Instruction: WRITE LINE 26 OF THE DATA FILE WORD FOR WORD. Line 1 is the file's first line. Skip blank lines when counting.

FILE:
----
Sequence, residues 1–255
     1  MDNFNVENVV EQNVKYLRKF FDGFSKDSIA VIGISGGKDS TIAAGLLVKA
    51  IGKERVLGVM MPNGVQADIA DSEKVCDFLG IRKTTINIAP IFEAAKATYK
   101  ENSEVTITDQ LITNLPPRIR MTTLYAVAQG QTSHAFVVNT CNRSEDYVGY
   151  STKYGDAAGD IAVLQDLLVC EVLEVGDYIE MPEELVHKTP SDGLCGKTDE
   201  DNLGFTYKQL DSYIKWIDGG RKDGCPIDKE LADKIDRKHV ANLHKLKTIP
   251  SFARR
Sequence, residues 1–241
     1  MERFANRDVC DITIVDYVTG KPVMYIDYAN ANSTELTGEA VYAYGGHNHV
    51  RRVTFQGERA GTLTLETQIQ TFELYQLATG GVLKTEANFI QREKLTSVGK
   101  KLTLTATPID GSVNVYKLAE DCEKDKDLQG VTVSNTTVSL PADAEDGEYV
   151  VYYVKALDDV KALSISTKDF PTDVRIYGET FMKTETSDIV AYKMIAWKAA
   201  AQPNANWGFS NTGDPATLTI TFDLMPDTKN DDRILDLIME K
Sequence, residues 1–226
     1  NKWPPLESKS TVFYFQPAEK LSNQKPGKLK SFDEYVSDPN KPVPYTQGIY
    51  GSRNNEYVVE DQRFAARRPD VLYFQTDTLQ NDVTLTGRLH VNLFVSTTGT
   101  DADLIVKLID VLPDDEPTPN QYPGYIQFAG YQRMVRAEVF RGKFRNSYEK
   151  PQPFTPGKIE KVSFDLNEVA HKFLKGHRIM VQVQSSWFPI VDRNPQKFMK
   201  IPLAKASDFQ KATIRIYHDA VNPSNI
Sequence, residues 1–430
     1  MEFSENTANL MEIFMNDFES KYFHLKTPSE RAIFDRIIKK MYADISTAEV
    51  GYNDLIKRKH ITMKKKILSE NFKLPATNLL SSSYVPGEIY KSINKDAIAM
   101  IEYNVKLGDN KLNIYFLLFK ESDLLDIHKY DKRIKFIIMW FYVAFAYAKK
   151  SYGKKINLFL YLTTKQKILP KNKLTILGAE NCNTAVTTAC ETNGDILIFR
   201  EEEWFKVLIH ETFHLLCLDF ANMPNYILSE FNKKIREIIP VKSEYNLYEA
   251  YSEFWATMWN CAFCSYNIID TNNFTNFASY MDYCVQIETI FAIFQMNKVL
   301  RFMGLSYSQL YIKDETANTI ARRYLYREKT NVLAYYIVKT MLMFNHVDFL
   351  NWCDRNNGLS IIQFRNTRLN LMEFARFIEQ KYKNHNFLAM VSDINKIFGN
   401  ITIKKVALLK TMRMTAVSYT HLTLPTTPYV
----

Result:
   251  YSEFWATMWN CAFCSYNIID TNNFTNFASY MDYCVQIETI FAIFQMNKVL